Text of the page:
Yakan fabric is star of Tumahik Festival
Fluttering their arms and strutting to native percussions, men and women in brass-buttoned shirts, loose trousers, sashes, overskirts and headgear formed colorful formations in the streets. Then men jumped with spears and shields to show their virility, while the women swayed with their patterned malong and baskets.
As one of the 13 Muslim groups in the Sulu archipelago, the Yakan had a proud moment in the annual Tumahik Festival in Basilan, held last March 1 to 7 in Isabela City and organized by the Basilan provincial government and the Autonomous Region in Muslim Mindanao.
The Yakan are the first settlers of Basilan, who are distinguished by their proud bearing and colorful handwoven attire, and Tumahik is a Yakan war dance that shows off the performers’ virtuosity.
The festival featured parades, dances and native costume contests participated in by Isabela’s barangays, and a Yakan oratorical and poetry competition, which highlights the tribe’s oral tradition.
“The Tumahik Festival showcases the rich culture of the Yakan,” ARMM Regional Gov. Mujiv Hataman said, noting the festival also brings to the fore the Yakan costumes and its growing fabric industry.
This tribe is recognized as one of the best weavers in the country. Their fabrics are used by exporters to make fashion and home accessories, and are exhibited in international trade fairs.
These fabrics come from pineapple and abaca fibers colored with herbal dyes. The Yakan maintain a centuries-old tradition of handloom weaving handed down from generation to generation. Each work is a labor of patience and love; it’s why it takes five days to produce only one meter of fabric.
The results are stunning, nonetheless: no Yakan fabric design is duplicated, as there will be variations in lines and colors. Each design is culled from the weaver’s memory or mood.
The most intricate design, the Seputangan or head cloth, is characterized by rhomboids with flowers and geometric shapes. These patterns symbolize good fortune and abundance.
The Palipattang derives its patterns from rainbow colors, while the Bunga-sama takes after the python skin. The Kenna-kenna is patterned after a fish, the Dawen-dawen after the leaf of a vine. Pene mata-mata is inspired by a series of eyes, while the Kabang buddi is a diamond-shaped design.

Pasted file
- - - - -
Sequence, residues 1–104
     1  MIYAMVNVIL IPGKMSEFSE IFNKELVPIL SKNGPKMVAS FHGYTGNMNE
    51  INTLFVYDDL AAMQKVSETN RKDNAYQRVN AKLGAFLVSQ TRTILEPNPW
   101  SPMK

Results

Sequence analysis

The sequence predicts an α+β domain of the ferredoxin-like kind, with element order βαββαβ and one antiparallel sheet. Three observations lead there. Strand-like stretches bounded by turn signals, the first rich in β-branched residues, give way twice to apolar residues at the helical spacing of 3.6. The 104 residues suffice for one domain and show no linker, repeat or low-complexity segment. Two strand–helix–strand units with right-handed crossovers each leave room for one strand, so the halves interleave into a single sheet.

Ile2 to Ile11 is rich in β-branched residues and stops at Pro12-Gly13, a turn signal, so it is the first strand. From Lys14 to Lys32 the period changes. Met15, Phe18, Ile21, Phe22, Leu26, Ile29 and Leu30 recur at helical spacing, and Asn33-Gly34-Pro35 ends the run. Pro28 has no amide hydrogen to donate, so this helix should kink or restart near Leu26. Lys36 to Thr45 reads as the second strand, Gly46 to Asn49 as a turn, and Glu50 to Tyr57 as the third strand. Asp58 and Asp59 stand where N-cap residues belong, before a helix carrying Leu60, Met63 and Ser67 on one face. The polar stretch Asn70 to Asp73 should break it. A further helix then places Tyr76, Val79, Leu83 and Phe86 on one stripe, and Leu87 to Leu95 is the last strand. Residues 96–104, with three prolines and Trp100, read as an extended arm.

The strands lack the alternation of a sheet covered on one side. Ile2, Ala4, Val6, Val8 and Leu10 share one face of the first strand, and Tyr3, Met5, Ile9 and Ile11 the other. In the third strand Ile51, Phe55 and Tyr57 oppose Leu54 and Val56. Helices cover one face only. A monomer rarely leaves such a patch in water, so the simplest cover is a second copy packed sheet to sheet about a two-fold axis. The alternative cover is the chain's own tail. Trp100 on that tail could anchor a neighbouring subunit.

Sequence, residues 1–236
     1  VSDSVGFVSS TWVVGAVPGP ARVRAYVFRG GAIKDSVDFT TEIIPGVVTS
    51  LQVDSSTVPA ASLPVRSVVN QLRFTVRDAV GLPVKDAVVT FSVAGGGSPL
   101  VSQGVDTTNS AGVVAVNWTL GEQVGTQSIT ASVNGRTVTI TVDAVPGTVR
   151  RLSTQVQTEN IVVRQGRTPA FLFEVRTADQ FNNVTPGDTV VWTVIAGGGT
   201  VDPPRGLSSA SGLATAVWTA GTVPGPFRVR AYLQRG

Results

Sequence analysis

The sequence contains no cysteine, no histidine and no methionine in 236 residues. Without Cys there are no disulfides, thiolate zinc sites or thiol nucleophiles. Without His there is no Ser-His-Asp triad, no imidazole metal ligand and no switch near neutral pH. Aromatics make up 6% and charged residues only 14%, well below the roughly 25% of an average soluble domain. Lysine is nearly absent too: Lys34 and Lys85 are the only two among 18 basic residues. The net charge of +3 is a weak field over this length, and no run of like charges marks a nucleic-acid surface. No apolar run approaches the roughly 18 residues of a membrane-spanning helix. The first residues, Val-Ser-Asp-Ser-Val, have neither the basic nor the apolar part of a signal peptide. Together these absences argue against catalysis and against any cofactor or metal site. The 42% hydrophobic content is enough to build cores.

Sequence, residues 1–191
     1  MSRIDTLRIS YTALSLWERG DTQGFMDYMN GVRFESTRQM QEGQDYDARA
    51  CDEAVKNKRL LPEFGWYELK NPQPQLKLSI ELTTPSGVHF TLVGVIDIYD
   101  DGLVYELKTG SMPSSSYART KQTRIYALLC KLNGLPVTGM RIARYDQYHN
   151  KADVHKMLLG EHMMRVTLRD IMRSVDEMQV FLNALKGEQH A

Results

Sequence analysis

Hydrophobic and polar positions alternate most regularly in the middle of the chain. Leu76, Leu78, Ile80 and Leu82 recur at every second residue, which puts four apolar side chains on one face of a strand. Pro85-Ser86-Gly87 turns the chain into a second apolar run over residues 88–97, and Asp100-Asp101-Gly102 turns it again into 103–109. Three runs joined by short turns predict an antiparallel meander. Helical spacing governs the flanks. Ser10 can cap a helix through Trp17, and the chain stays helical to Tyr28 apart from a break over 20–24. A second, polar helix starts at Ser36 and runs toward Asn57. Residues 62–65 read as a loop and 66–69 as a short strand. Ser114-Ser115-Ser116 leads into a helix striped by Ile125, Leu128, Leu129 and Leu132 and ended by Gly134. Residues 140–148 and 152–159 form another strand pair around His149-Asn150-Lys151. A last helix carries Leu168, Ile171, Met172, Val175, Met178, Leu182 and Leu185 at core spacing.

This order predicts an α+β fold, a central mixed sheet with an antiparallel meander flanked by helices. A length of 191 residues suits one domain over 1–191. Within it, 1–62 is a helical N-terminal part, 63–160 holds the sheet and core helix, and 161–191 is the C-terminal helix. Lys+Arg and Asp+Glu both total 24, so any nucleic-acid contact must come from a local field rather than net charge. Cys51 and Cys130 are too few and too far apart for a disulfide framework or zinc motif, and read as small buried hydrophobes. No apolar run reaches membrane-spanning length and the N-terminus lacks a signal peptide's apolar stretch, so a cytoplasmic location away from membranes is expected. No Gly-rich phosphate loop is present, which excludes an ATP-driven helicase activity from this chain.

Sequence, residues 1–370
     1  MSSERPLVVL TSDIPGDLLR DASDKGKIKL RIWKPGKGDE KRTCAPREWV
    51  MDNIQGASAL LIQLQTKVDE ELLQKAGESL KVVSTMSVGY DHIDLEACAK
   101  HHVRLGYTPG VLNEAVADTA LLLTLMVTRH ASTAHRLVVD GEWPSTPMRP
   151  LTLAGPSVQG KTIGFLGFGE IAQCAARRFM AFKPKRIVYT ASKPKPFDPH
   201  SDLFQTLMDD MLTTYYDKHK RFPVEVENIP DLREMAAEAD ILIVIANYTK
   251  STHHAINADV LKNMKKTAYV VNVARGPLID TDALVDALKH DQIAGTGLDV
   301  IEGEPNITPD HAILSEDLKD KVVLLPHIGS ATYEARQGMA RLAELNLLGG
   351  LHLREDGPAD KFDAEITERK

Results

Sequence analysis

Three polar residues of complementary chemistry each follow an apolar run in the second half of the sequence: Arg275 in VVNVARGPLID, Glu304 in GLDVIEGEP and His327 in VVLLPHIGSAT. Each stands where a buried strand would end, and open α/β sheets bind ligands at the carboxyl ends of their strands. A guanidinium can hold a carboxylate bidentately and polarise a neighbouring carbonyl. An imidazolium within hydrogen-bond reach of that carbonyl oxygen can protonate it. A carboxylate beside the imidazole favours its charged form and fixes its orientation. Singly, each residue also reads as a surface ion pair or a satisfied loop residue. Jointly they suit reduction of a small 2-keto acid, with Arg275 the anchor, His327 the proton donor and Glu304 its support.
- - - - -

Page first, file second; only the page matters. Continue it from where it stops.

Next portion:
Anak-Mindanao Rep. Princess Sitti Djalia T. Hataman explains: “Fabric has an extensive importance in our society. Native textiles are a symbol of cultural identity, family tradition, sense of community, honest work and livelihood.”
“Traditionally, we see indigenous fabrics as practical or sacred, as they are either worn as daily garments or used in rituals. In keeping with the times, our indigenous fabrics have been integrated in art, modern fashion and home décor. Although the tribes still adhere to tradition, their uses will keep evolving.”
The solon adds that although the Yakan fabric is one of the great prides of Basilan, the province also offers other attractions.
Basilan maintains its rural charm. The beaches along Malamawi island are famous for its fine, white sands and fresh coconut drinks directly plucked from the coconut plantations. Lampinigan is an hour’s drive from the capital Isabela. The rocky coastline opens out to a resplendent ocean view.
There are other must-see places in Basilan that show its multi-ethnicity. The Kaum Purnah Mosque in Isabela City is a museum of the cultures of the different indigenous and Muslim groups. For Christians, the Cathedral of Saint Elizabeth of Portugal and the Chapel of Peace on Calvario Peak are sanctuaries.
Near the city center, the Cabunbata Falls is a quick escape, surrounded by a jungle of rubber trees. Pusuac Spring Park offers exotic flora and fauna. The other famous beaches include Tenusa Island, Calugusan and Palm Beaches in Lamitan, and Sumagdang Beach in Isabela City.
In cuisine, the Yakan are known for their dulang—molded sticky rice with native chicken, fried fish and vegetables served on a banana leaf. The chicken or kaliya is prayed over before being slaughtered, then is cooked with spices, herbs and powdered rice. The sweet jah panyam pitis is a chunk of sticky purple rice, coconut milk and raw sugar.
Hataman hopes that through the Tumahik Festival, the tribal arts and crafts and tourist attractions of the province will change the perception of an embattled Basilan.